Representative Chamber Works
Pendulum Waves (2022)
for mallet quartet
Pendulum Waves was composed in the context of the 2022 SandBox Percussion Composition Project, which was jointly organized by the UMKC Composition Department and the UMKC Percussion Studio. Three composers were selected to create new works for SandBox Percussion quartet and two for the student percussion quartets. I was selected to work directly with SandBox Percussion to create a new work for percussion quartet. SandBox and I achieved a meaningful collaboration, and I finished this piece under their coaching. Thus, I dedicate this piece to SandBox for their help and guidance.
Premiered by SandBox Percussion, Apr. 2022, Kansas City, USA
Premiered by Dai Wei, Sep. 2020, Kansas City, USA
Singing in the Frosted Wind (2019-2020)
for violin solo
I can still remember the earth being covered with ice and snow during the winters in Northern China's Shaanxi Province. Blowing on my face like thousand tiny knives, the roaring wind prevented me from hearing everything but the lingering songs from the frozen lakeshore's other side—that is, from the farmers. That was the image in my mind as I was composing the Singing in the Frosted Wind.
Taking the inspiration from those old and rough folk songs from Shaanxi province, I used various melodic materials to compose this solo piece for violin. This work captures my understanding of how contemporary Western compositional techniques have altered Chinese folk music.
Three Bagatelles for Wind Quintet (2018)
Inspired by György Ligeti's Six Bagatelles for Wind Quintet, I composed three untitled movements for the wind quintet that explore the potential of combining timbres, lyrical melodies, and dynamics of this ensemble.
The three movements are independent of each other and have their unique themes. For example, the first movement emphasizes the linear texture of the wind quintet, and the third movement features the development of a small motif.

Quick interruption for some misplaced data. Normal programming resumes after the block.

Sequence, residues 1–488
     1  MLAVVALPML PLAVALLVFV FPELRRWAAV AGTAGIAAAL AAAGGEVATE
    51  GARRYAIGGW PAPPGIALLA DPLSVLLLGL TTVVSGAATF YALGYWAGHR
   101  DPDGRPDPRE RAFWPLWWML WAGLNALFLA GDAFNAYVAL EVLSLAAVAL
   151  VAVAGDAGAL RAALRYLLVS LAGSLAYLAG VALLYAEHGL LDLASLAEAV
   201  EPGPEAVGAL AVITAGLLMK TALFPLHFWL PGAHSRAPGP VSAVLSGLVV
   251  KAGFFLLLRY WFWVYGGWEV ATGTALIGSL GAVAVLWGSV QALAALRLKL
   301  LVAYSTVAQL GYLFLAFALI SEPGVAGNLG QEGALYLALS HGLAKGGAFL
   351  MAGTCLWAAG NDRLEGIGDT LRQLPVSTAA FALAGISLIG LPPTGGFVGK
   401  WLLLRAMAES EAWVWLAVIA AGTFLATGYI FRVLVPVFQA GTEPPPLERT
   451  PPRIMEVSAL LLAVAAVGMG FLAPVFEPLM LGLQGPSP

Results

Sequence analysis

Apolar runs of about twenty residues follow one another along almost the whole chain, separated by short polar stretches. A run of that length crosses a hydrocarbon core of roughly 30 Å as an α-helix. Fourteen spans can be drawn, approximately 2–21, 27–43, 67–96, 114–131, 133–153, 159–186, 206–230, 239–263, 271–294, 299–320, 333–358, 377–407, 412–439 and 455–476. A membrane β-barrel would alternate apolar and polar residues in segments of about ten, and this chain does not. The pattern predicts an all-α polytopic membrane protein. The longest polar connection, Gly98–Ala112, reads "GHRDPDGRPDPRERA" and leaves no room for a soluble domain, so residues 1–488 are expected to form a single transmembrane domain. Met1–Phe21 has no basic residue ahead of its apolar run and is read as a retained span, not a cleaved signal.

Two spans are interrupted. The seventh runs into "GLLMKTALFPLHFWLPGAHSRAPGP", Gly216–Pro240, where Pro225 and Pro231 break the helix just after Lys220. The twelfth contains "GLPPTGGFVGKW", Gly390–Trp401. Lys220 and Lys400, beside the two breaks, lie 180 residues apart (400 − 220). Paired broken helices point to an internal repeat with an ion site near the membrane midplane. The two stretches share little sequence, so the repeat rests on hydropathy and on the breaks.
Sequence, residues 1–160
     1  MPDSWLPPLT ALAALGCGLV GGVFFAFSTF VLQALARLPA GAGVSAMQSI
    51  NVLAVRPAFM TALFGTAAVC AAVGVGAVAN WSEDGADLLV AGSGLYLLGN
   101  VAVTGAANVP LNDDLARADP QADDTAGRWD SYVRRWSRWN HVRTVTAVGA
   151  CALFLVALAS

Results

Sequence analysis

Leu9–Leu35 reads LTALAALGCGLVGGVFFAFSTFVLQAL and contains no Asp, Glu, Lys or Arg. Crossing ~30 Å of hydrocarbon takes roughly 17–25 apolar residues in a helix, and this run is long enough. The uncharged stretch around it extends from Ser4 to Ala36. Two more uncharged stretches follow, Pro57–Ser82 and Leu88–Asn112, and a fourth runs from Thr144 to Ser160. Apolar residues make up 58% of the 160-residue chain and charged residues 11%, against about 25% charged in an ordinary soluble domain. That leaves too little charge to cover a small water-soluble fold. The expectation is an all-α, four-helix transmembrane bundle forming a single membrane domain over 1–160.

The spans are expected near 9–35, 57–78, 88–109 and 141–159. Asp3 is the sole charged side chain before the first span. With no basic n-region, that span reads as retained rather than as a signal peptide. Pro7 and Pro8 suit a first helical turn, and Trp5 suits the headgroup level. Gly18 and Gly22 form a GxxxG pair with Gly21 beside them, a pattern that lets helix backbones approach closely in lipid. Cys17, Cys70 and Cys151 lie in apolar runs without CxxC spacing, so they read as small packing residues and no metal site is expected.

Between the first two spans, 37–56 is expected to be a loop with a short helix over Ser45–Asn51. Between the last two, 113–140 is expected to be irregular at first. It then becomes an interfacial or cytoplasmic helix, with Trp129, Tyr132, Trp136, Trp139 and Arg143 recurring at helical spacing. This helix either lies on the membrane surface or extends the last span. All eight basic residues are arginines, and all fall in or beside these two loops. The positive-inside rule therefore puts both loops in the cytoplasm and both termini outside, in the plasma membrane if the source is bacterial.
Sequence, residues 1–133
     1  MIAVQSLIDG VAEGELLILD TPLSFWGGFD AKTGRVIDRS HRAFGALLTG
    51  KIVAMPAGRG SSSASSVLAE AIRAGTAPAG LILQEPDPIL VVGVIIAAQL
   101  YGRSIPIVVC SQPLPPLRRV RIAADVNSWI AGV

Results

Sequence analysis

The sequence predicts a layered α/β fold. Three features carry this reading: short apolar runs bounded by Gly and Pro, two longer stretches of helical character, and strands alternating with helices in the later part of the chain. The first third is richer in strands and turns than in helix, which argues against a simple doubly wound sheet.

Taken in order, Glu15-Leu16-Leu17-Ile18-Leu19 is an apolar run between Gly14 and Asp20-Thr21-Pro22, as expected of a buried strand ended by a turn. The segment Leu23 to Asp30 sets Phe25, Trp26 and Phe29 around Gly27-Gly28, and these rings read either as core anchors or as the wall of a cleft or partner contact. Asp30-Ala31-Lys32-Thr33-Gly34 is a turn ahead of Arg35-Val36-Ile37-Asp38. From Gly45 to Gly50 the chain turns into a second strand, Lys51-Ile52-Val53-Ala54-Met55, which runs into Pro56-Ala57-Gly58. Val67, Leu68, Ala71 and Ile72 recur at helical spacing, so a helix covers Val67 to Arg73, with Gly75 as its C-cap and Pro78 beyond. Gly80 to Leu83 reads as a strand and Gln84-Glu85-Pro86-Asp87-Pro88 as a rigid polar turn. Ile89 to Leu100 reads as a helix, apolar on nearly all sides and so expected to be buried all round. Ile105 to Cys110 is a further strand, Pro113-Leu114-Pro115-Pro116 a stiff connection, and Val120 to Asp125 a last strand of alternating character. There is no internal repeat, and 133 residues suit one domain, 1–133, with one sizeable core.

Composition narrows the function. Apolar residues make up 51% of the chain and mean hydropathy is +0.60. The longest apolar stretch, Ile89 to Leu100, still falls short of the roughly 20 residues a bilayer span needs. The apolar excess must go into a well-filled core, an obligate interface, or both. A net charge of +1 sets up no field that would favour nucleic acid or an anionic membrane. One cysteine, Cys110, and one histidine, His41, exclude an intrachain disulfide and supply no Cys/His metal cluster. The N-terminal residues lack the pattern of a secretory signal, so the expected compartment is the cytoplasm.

Recorded by the Wind Quintet from Guangzhou Orchestra Symphony, Aug. 2018, Guangzhou, China
Premiered by Yan Yi-Qi, Zhao Jian-Fei, and Liu Zhen,
Apr. 2018, Guangzhou, China
Fantasia on the Hakka Enclosing House (2017)
for viola, cello, and piano
I finished this piece while in Guangzhou, China. During a visit to the residence of the members of the local ethnic group, I was fascinated by the Hakka's mysterious legends and their unique construction as part of an ancient ritual genre. Thus inspired, I wrote a piece for Hakka music that features the viola, whose timbre is appropriate for presenting the dark and mysterious theme of struggle that I infused into the work.
This recording was produced by excellent viola and cello performers from the Guangzhou Symphony Orchestra and an outstanding graduate pianist from the Xinghai Conservatory of Music.
Premiered by Zhao Jian-Fei, Zhao Qi-Fa, and Wang Qian,
Oct. 2016, Guangzhou, China
Portrait of a Henan Tone (2016)
for cello, clarinet, and piano
Henan is my homeland where I have spent more than 18 years of my life. This trio piece based on an old tone of my homeland, contains a central theme from a piece of Henan Zheng solo, "The Nostalgia of Su Wu".
"The Nostalgia of Su Wu" describes the history of Su Wu, an ambassador of the Han Dynast, who was assigned to bring the emperor's order to the land of the Huns. When Su Wu arrived, the Huns detained him for 19 years and tortured him into betraying his country. However, Su Wu was unyielding and eventually rescued and sent back to his homeland after being away from his country for 19 years.
Su Wu's nostalgia for his homeland resonates with me, for I was also away from my hometown for many years. Along with piano and clarinet, the cello, which often imitate the sound of Zheng, supplied me with the main idea of this work.
Premiered by Wang Jie-Yu, Mar. 2015, Guangzhou, China
Slight Touch (2015)
for flute Solo
Slight Touch is not only the first piece that I composed after beginning my undergraduate education at the Xinghai Conservatory of Music, but also my first piece performed on stage.
The Chinese-language name of the work derives from a poem by Bai Ju-Yi, a famous poet in the Tang Dynasty. The specific stanza inspiring the piece's name draws a picture of a superb pipa performer who was presenting a cadenza. From the stanza, I selected a term that describes the slight, rapid, and nimble technique of the pipa performance to represent the main idea of this work.